We skipped this in my analysis class, so I’m going to prove Fubini’s theorem in this post. I’m following the proof from Stein and Shakarchi’s Real Analysis with some restructuring. The basic result is that you can compute integrals in by first integrating in , then in , and the order in which you do these two integrals doesn’t matter.
To be precise, we can think of points in as , where and . Then, for each , we can define the “slices” of a function and a set corresponding to as
(Of course, we could define slices corresponding to as well, but it’s sufficient to do everything for -slices, since the proofs for -slices are completely analogous.)
Theorem 1 (Fubini’s Theorem). Let be the set of functions on satisfying:
- The slice is integrable on for almost every
- The function is integrable on
Then i.e. every integrable function is in .
The idea of the proof is to show that contains the simple functions, and then approximate functions by simple functions. This approach requires two facts: that is closed under linear combinations, and that is closed under monotone limits. We start with these two proofs.
Lemma 2. A finite linear combination of functions in is in .
Proof: Suppose we have . Then for each , is integrable on except for , where . If we let , then , and if , then will be integrable except when . It follows that satisfies 1 and 2, and then the linearity of the integral gives 3, so .
Lemma 3. A monotone limit of functions in is in .
Proof: Suppose we have . We can make two simplifying assumptions: that the convergence is monotonically increasing, and that the are non-negative. If either of these is not the case, then following argument can be applied to and to give the result.
The monotone convergence theorem tells us that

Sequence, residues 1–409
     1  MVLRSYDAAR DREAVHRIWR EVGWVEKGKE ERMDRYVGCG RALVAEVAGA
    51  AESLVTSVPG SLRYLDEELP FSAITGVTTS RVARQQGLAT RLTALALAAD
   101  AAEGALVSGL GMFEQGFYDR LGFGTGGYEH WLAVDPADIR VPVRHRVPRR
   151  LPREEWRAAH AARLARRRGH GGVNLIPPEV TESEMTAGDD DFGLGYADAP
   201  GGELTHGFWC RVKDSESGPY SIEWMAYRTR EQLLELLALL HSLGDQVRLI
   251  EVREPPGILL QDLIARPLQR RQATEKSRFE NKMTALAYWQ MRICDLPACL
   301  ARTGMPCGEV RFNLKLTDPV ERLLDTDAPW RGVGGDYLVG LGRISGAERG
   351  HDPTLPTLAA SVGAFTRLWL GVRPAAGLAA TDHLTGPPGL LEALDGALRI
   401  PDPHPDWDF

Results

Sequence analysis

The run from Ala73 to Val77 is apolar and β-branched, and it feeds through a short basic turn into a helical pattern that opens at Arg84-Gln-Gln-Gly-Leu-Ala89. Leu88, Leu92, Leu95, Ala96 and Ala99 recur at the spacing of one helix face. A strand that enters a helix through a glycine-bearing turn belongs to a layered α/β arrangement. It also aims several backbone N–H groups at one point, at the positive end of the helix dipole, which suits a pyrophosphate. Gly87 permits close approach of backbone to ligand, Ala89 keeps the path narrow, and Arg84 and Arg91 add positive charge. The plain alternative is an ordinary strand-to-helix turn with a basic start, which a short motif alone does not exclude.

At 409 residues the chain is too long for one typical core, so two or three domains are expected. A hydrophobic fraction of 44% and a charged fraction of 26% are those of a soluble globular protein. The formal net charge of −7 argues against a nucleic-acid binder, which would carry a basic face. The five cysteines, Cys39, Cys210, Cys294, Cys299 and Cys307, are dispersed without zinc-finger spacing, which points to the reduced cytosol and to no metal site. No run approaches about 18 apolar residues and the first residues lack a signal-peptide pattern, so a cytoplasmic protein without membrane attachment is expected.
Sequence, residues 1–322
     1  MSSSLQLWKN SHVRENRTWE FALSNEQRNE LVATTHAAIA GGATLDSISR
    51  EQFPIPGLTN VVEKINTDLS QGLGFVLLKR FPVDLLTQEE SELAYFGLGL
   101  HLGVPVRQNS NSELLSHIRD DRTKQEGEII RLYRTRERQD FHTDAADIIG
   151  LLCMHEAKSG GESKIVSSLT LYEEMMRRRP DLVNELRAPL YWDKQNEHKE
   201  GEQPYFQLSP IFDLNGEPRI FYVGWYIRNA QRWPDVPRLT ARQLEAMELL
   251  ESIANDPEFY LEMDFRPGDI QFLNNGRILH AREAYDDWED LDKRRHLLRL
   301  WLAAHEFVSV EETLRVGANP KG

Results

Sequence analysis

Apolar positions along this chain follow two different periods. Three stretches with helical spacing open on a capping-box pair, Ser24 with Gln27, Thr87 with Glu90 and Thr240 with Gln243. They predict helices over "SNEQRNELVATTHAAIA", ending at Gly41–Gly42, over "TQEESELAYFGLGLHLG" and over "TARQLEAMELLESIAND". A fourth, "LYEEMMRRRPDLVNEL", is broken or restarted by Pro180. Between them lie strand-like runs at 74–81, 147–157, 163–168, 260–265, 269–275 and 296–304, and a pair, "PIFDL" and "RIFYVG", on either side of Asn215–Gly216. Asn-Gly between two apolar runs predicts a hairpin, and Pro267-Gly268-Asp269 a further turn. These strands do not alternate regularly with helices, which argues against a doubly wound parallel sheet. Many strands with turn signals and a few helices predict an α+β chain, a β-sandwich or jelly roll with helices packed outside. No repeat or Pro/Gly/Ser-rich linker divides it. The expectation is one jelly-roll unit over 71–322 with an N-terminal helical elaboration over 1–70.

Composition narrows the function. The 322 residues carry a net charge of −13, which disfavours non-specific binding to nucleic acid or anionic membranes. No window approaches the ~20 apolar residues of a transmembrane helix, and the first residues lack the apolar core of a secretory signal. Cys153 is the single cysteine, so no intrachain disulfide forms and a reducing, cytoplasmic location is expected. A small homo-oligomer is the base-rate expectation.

We know that for every , is integrable except for where , and if we let , then , and is integrable on for all except for . Using the monotone convergence theorem again gives
A third application of monotone convergence gives that
Now, because , we know that
and this together with our previous work gives that
The RHS is finite because is integrable, so is integrable as well. Thus almost everywhere, and so is integrable for almost every , and
It follows that .
Next, we show that contains the simple functions. The idea here is to start with the characteristic functions of sets and null sets, and then use our previous work to get to simple functions.
Lemma 4. If is a simple function, then .
Proof: We build this up in steps.
- If is a set of finite measure, then .
- If is a bounded open cube, then .
Let be such an open cube, where are cubes in and respectively. It’s clear that satisfies 1 and 2, so we need to do the computation to verify 3.
For each , the function is measurable in and integrable with
Thus is also measurable and integrable, and
But of course,
- If is a subset of the boundary of a closed cube, then .
Let this set be . It’s still easy to check 1 and 2, so we verify 3. Because the boundary of the cube has measure zero in , we always have
On the other hand, for almost every , the slice has measure zero in , and so the iterated integral is also zero. It follows that .
- If is the finite union of closed cubes with disjoint interior, then .
The idea is to write , where each is either the interior of an open cube, or a subset of the boundary of a closed cube. From 1.1 and 1.2, each , and now Lemma 2 gives that .
- If is open and of finite measure, then .
Such an open set can be written as the countable union of almost disjoint (i.e. their intersection is null) closed cubes , so we define
Then, , which is integrable because has finite measure, and Lemma 3 allows us to conclude that .
- If is and of finite measure, then .
Because is , there are open sets such that
and because is measurable there is an open set . Then, let
and we have a decreasing sequence of open sets
Now, and by 1.4, , so Lemma 3 shows that .
- If is a bounded open cube, then .
- If , then .
Because a null set is measurable, we can find a set such that . From Step 1, we know that , so
for almost every . This means that and , so we have that for almost every , and so
- If is measurable with finite measure, then .
Recall that we can find a set such that , and now writing and Lemma 2 gives that .
Now, any simple function is a linear combination of characteristic functions of measurable sets with finite measure, so Lemma 2 shows that .
With these three lemmas in hand, we can prove Fubini’s theorem.
Proof of Fubini’s Theorem: Suppose is an integrable function. We can write as the sum of a positive and negative part, so it is sufficient by Lemma 2 to consider the case where is non-negative. Because is integrable, there are simple functions that converge monotonically to . By Lemma 4, each , and now Lemma 3 allows us to conclude that .